Friday, January 01, 2010


I spent the first day of the new year doing the same thing I did all of the last day of the old year: cleaning out my mother in law's apartment. she had a small apartment in a retirement village and is moving to an assisted living place.

she has more stuff crammed into this small apartment than many families around the world own, and most of it is clearly not used. In addition, the apartment is crammed full of twice as much furniture as is comfortable. You can hardly walk around in it. I guess this makes her somewhat of a hoarder.

Hoarders are people who keep a lot of stuff around because it makes them feel secure. Many depression babies do this, always worried that the economy will fail and leave them penniless. Other people collect worthless junk just to surround themselves with stuff.

However, there is little permanent satisfaction in this process. There is always a hole that needs filling.

All addictions and excessive behaviors are this way. I know there are physical problems that can be addressed with drugs. But there is a spiritual problem as well. We are looking in the wrong place for satisfaction. It is sort of like the old song from Urban Cowboy, "looking for love in all the wrong places".

All of us have deficiencies. Our human nature seeks to overcome those, or compensate for them, by excessive behavior in other areas. Some of us fixate on food. Some drink too much. Some take drugs, engage in high risk sexual behavior, exercise excessively, hoard possessions, compulsively wash hands and many others.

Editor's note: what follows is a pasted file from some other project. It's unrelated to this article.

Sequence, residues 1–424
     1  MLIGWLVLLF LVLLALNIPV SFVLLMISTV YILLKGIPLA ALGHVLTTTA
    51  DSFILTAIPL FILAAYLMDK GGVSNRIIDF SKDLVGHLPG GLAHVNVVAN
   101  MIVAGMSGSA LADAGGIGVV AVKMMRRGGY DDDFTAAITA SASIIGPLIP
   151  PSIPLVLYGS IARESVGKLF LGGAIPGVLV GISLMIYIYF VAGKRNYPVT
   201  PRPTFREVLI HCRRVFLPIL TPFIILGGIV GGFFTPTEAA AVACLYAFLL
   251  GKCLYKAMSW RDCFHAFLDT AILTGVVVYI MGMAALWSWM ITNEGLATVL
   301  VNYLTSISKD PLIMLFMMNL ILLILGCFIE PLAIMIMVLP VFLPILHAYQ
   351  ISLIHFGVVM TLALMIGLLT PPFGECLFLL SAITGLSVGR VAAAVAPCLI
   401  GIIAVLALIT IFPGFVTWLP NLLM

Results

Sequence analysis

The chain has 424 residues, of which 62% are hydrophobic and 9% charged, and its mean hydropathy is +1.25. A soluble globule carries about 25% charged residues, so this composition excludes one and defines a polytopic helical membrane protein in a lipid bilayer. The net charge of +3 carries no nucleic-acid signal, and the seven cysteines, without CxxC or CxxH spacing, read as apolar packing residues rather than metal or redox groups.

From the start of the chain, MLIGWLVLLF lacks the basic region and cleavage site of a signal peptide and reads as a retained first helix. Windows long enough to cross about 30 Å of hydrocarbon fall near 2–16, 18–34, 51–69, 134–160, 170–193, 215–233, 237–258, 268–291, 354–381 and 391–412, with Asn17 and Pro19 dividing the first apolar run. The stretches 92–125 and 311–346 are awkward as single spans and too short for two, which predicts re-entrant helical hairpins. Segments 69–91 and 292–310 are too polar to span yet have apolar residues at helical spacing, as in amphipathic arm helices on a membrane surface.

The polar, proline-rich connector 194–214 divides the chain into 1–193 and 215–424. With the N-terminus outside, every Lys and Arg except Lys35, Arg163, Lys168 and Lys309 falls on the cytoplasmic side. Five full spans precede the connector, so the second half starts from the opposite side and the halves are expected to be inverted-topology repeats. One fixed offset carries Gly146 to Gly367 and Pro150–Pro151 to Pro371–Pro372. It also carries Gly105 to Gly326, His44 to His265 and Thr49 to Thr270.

The Bible tells us the place to look for satisfaction is Christ, not in excessive behavior. The Apostle Paul, for example, suffered from physical pain. In 1 Corinthians 12, he referred to it as a "messenger of Satan". It tormented him. He wanted to be rid of it. He asked God to remove his pain, but God said no.

So, what did Paul do? He could have started drinking to kill the pain. Many have done so. He could have taken drugs. He could have turned to excessive sexual behavior to distract himself from the pain.

But, he didn't; he turned to Christ. What he says about it is simple, but profound. He said God told him "my grace is sufficient for you, for my power is made perfect in weakness". And Paul believed God. He believed it so much he delighted in his weaknesses, insults, hardships, persecutions and difficulties. As he continued on his spiritual journey, he could say, in his letter to the Philippians, "to live is Christ".

What this tells us, as followers of Christ, is to look for fulfillment, satisfaction and comfort, to Christ. I do not think the average American evangelical believers has learned even the beginning of this process. However, I think it means that when we feel the need to fill ourselves with too much of anything, or with things that are bad, we should, instead, turn to Christ. Paul says God is the God of all comfort.

Take him at his word.
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